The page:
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There are promising trends for COVID-19, flu, and RSV activity in Mesa County. Since the beginning of 2023, hospitalizations have remained low for COVID-19 and flu. Numbers are also down for people seeking care for RSV.
“We love to see declining numbers of community members being hospitalized,” stated Rachel Burmeister, Disease Surveillance and Emergency Response Manager. “Hospitalizations are a good indicator of how severe an illness is in our community. Our flu season seemed to peak in December with close to 80 individuals hospitalized that month.”
MESA COUNTY TRENDS
While respiratory viruses can happen year-round, we typically see an increase in the colder months when people are spending more time indoors. We expect to see these types of viruses decline as we get closer to spring and warmer weather. Flu season typically runs from October to May, with peak activity in Mesa County in January and February. So far this season, 110 people have been hospitalized for the flu in our community. Meanwhile, RSV generally peaks between January and April. However, there was a severe increase in RSV cases in November of 2022 both in Mesa County and across Colorado. It has since returned to a low level. To see the latest trends for respiratory illness in Mesa County, click here.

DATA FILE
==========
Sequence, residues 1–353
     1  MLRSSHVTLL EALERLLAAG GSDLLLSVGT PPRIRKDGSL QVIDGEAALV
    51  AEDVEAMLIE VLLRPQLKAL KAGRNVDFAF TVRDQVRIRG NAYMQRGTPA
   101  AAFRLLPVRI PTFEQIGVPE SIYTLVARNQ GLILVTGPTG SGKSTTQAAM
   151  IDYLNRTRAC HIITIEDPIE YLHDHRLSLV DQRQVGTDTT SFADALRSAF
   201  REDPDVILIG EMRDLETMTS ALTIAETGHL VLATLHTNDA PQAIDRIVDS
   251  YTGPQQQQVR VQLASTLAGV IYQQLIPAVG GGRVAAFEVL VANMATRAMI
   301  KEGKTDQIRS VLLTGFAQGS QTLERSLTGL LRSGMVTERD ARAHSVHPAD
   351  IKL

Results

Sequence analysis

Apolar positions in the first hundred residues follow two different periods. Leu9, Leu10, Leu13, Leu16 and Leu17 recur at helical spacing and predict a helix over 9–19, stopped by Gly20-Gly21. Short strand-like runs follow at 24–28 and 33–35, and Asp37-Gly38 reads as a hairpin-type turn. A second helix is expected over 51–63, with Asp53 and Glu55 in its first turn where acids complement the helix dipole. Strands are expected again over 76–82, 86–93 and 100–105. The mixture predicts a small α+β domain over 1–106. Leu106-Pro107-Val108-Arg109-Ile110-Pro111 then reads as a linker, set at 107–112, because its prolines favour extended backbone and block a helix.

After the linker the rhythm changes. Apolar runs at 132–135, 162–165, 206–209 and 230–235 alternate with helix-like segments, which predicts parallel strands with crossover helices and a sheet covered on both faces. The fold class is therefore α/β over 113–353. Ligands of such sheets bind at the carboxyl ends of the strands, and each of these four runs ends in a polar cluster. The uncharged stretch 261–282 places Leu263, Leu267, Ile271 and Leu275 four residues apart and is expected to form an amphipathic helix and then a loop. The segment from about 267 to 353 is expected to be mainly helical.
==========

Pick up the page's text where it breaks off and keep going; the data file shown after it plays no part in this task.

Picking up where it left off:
For both COVID-19 and flu, vaccines are the best source of protection against severe complications. These vaccines are available at the Public Health Clinic. For more information about vaccines and how to schedule an appointment, visit our website.
“There can be an increase in flu activity in the spring, so it’s not too late to get the flu shot to make sure you’re protected. Keep in mind, it takes two weeks to be fully effective,” said Burmeister.
There are other prevention tools to help keep the community healthy. If you are sick, stay home and keep your distance from the very young and older populations. Washing your hands regularly with soap and water is another great prevention method.